I guess I'll start with the beetles. They are nocturnal for the most part and prefer some sort of cover. Considering the beetles need to be sifted out every 7-10 days... (they can be left in the bin for longer but the eggs will start to hatch and these guys are carnivorous and may start to cannibalize the baby worms. Especially if they are not getting them enough moisture.) I like to use wheat bran as a bedding. The beetles are easily sifted out of it and the worms love to eat it. I also give them bread. It has a good amount of moisture to start with and will absorb moisture well from a spray bottle. Depending on the humidity in the house I spray each piece of bread once a day. It's also a nice cover for them. Most of the beetles are under the bread at the moment in this photo. You can see the variation in the color. The lighter colored ones are younger.
View attachment 43608
After the beetles are sifted out they go back into a bin of fresh bran to continue the process. Then the egg rich bran is put into another container. (Dependingon the how many beetles are in each bin I usually put up to 8 bins of the egg rich bran into one bin. They may need to be divided into another bin once they get bigger to relieve pressure.) As the worms grow they will eat the bran. Before you know it, about 3 - 6 months later depending on the food, moisture and climate the bran will be gone and you will have a bin full of frass and growing worms. They dont like to run out of food. So its important to keep feeding them as they grow. Oats is a favorite. But it doesn't shift out well. So you want to make sure it's gone before sifting. They also eat just about any kitchen scraps you might have. I grow comfrey, aloe and kale for them, well I eat the kale leaf and give them the stems. They tear that stuff up quick.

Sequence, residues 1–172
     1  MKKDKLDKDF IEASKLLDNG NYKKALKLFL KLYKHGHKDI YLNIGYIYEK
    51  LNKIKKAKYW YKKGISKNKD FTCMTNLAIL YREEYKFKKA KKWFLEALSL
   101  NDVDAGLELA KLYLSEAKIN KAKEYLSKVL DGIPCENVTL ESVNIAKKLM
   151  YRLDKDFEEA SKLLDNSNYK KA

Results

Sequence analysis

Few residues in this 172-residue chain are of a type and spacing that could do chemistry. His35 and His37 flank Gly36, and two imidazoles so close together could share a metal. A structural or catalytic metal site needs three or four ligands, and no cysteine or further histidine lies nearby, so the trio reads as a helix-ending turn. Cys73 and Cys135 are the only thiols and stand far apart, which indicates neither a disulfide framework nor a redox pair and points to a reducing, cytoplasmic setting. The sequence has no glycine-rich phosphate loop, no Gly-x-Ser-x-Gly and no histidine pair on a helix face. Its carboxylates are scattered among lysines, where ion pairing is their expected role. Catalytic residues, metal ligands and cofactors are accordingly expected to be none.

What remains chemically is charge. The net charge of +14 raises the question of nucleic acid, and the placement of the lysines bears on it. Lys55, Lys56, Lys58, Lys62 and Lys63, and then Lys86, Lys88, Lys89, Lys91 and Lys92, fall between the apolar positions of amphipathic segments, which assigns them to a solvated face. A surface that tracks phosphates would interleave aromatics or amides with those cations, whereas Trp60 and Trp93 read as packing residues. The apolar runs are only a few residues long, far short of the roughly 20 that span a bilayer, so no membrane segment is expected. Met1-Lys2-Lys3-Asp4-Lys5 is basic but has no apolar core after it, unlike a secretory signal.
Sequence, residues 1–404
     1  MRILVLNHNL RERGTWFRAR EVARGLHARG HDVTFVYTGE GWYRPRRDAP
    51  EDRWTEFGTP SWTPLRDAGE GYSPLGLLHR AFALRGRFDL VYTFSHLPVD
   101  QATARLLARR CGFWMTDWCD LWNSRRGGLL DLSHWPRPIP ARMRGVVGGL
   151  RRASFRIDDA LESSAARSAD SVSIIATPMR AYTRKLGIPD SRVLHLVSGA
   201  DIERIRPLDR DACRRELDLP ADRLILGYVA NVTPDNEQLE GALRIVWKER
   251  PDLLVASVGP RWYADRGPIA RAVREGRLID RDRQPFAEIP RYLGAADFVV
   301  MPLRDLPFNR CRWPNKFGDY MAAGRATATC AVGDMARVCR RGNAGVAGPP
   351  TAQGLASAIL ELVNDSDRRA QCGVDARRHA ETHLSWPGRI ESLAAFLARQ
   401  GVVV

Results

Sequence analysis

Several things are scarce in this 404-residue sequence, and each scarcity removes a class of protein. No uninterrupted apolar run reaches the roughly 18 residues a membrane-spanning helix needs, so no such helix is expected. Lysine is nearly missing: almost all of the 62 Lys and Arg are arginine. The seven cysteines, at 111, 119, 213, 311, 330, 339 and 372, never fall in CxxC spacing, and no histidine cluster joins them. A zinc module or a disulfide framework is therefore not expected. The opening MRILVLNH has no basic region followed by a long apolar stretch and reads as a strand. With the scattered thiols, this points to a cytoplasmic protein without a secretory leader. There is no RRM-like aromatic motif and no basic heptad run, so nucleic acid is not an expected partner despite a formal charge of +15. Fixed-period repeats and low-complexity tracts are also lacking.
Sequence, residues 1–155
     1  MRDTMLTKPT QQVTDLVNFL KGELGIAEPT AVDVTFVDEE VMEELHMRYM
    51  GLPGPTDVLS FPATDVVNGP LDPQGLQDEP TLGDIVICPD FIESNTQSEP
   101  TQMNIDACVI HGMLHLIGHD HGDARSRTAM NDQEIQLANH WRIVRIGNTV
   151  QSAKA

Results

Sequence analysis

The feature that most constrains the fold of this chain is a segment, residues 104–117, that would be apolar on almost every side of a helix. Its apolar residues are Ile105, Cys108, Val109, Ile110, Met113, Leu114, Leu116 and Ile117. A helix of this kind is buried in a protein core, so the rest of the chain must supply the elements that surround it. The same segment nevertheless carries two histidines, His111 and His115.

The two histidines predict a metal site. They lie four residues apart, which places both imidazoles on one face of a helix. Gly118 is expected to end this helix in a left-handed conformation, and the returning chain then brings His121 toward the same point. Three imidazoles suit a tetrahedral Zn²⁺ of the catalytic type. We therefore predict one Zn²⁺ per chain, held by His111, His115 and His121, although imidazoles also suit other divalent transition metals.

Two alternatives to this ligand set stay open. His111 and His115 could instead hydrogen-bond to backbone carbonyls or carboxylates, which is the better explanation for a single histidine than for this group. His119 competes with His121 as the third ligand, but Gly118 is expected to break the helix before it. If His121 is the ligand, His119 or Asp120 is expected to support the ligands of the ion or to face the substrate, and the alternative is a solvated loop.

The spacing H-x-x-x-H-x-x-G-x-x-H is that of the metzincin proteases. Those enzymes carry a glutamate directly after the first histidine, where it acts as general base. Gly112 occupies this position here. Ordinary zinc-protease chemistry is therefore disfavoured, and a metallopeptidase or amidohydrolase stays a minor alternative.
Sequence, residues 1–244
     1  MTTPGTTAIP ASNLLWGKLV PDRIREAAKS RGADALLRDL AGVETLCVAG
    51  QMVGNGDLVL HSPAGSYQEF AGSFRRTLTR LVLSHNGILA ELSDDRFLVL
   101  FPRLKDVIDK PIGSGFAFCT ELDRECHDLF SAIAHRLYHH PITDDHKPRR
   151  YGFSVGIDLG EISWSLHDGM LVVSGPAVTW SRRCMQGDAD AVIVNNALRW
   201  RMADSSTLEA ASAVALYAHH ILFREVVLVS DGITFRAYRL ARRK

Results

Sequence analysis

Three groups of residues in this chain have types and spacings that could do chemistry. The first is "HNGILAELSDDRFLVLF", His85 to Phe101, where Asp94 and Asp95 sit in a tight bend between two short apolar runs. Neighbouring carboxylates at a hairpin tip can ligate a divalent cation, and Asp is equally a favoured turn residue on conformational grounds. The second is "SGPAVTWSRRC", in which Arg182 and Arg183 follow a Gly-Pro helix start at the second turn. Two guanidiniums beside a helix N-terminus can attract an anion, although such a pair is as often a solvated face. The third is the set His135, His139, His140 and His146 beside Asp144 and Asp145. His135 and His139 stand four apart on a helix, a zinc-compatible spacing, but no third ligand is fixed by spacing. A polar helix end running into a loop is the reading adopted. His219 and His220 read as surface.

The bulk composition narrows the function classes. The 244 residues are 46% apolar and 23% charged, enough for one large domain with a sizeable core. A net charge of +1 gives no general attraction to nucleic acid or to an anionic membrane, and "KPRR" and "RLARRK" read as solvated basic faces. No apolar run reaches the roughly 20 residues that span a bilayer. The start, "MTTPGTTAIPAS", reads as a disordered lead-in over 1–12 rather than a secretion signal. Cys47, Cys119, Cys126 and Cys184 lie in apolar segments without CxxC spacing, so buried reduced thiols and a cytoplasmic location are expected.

You want to be mindful about the dry/moisture ratio throughout their lifecycle. Too much moisture and they pupate too fast and you can end up with small beetles. Not enough moisture and they take forever to grow and pupate. They also like to shed their exoskeleton after feedings. They will eventually eat those too.
View attachment 43609
This is where it can get tricky. Because they didn't all pupate at the same time you will have mixture of mature worms and pupae. The pupae need to be sifted out regularly or the worms will eat them and they never make it to the beetle stage. Then the beetle population can drop along with your egg production.

This is a pupae and a young beetle. The beetles are light in color and soft at first. They slowly get darker (eventually turning black) and their exoskeletons harden over a week or so. Be gentle with the young beetles, they can damage easily.
View attachment 43606

That's the brass tracks of my process. If you have any more detailed questions I'm happy to respond.
Damn straight!
Thats about as simple an explination as i could hope for, and i even understand it. Bam!
Thank ya @Kind024 for the enlightenment.
Really does sound doable, the bran is probably the most expensive part.
What is your options for the beetles? Where are they obtained?
 

Kind024

In Bloom
Damn straight!
Thats about as simple an explination as i could hope for, and i even understand it. Bam!
Thank ya @Kind024 for the enlightenment.
Really does sound doable, the bran is probably the most expensive part.
What is your options for the beetles? Where are they obtained?
Thanks brother, glad it made sense.

Wheat bran can usually be sourced from a local feed store. I get a 40lb sack for about $36.

As for the Darkling beetles (mealworm beetles), they can be ordered from Northwest Redworms. If he doesn't have them in stock I could help you out depending on how many you need. His worm castings are the best on the market too...imho. Nobody does composting and castings like that guy!

Another thing about the mealworms. Specifically the pupae...keep the pupae in their own bin. (I like to use an upside down bin lid. Also, the bins I use are 28qt translucent storage bins. They can be sourced a Wally World for $5-6.) The beetle's will eat the pupae too. I put a thin layer of bran on the lid with the pupae on top. The pupae are stimulated by moisture. So I lightly mist chlorine free watering over the top of them once or twice a day depending on the humidity in the house. I get about 30-50 new beetles every day out of each lid. They are put directly into a beetle bin to start breeding and laying eggs.